In the winter of 2004, Willy Frank, president of Dr. Konstantin Frank's Vinifera Wine Cellars, was confronted with a lot of dead Riesling vines. Every few years, New York's Finger Lakes are hit with a frost, which can damage or even kill vines. The frost in 2004 was one of the worst ever, killing scores of Riesling and Gewürztraminer vines, even in the warmest parts of the wine region. But Frank, whose father Konstantin was a pioneer in the region when he opened the winery in 1962, noticed that certain Riesling vines survived where others died. They were all a particular clone, imported decades earlier from Germany.
What happened next was a four-year effort to bring in more of this German Riesling clone. Vine clones are a rather eclectic topic, but the type of clones used in a vineyard can have an enormous influence on wine flavors. American vintners have spent decades trying to find the right clones for their terroirs. But importing foreign plant material, which could be infected with viruses, parasites or other pathogens, is highly regulated by the United States government. In the past, importation has been a long and arduous process. Thanks to the Franks' efforts, and work by the USDA and researchers at Cornell University, those procedures may soon be streamlined, which will lead to new clone imports and better wines.
Back in 2004, Fred Frank, Willy's son, recognized the hardy clone as N90, first designated as a superior clone by German researchers in 1913. Fred studied at Germany's Geisenheim viticultural research institute. "In Germany, I had worked in the micro-vinification lab at Geisenheim," Frank said. "I had actually tasted the difference between wines made from different clones of Riesling. Even then, I walked away knowing that N90 was my favorite."
N90 has long been a staple of German vineyards. Based on years of experimentation, the clone has proven itself to be more aromatic than other Riesling clones. It's also more cold tolerant and possesses greater resistance to disease than other more commonly used Riesling clones in the Finger Lakes.
Willy called Matthias Zink, manager at Germany's vine nursery in Neustadt and former vineyard manager at Dr. Frank's. They discussed importing a large number of certified N90 vines from Neustadt to the Finger Lakes to repopulate Frank's vineyards.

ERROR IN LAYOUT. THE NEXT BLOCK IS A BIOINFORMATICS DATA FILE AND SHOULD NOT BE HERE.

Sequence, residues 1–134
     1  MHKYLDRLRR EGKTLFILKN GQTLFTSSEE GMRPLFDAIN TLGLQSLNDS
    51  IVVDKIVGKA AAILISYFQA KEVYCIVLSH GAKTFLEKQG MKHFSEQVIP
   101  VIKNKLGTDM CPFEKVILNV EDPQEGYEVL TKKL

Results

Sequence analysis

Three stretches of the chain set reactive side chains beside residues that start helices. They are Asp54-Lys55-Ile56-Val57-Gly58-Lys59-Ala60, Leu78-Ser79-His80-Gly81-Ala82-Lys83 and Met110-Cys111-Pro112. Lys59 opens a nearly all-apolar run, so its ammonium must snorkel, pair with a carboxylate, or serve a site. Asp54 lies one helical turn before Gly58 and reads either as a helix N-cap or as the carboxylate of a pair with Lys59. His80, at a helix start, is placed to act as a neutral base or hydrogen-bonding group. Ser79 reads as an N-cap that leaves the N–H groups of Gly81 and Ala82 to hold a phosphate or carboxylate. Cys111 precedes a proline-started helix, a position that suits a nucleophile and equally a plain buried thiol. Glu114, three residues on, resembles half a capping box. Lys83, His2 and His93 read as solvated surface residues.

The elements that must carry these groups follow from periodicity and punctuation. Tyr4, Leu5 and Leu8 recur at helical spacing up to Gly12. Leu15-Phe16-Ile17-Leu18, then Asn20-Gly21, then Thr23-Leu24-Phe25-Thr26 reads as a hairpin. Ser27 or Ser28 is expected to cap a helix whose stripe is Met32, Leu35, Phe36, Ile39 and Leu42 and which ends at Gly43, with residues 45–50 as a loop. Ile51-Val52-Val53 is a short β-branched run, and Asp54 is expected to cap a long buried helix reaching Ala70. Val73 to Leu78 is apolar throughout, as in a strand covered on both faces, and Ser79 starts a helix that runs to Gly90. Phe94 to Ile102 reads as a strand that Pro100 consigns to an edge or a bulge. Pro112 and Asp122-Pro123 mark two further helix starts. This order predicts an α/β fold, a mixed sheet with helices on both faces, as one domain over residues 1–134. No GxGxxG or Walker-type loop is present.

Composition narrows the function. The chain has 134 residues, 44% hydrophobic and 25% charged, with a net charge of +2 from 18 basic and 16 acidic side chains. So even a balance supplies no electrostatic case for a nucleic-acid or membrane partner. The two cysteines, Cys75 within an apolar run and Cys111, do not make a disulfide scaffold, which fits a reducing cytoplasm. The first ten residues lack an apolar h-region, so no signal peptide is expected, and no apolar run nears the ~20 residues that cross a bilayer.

Typically, vine cuttings are imported in very limited quantities, often only two or three cuttings from any given vine, which are then subjected to a long period of testing for disease under the supervision of a plant pathologist, sometimes for as long as five or six years, before they can be propagated and made available to American growers. The process is long and often costly, and the hassle involved has given rise to a host of illegal and sometimes infamous importations of vine cuttings, often referred to as "midnight vineyard supply" or "suitcase clones."
Tales of suitcase clones snuck out of the greatest vineyards of Europe are as old as the American wine industry. A few of them may be true. But there is a problem with these contraband cuttings. "We do know that grapevine viruses have come in over the past 20 or 30 years," said Alan Green, executive director of the USDA plant quarantine programs. "And we can say with almost certainty that they have come in on suitcase importations."
Dr. Frank's was asking to import more than a thousand already rooted vines on a streamlined procedure. Thankfully, Green said his agency has long been looking for a way to cut down on the illegal importation of vines by overhauling quarantine laws. In 2005, Marc Fuchs, assistant professor of plant pathology at Cornell University and director of Cornell's importation and certification program, traveled to Germany, and with USDA approval brought back cuttings of N90 from the Neustadt station. He tested them at Cornell's Geneva Agricultural Experiment Station and reported to federal and state authorities that they were virus free.
In June 2006, almost 1,500 vines were imported and planted in a vineyard, which was 400 yards away from any other vines. Fuchs inspected the vines twice a year, looking for any signs of viruses or disease.
Last month, the quarantine was lifted, and Fred and various state and federal officials cut a ribbon celebrating the release of the clones into the U.S. market. Frank will begin planting N90 vines soon, and will sell vines to other growers. Frank also said that the newly released vines may eventually provide fruit for a single-vineyard bottling. Sadly, his father Willy was not there for the ribbon cutting, having passed away in 2006. But his initiative may help improve the quality of Finger Lakes Rieslings for years to come.
And what does this experiment mean for consumers? Green now believes the USDA will develop new, streamlined importation procedures for other clones. "I would say within months," said Green. "We'll try to put out some sort of guidelines or criteria. We want to start slowly and safely, perhaps with pilot-type efforts, but we want to get moving." That means better clones and better wines.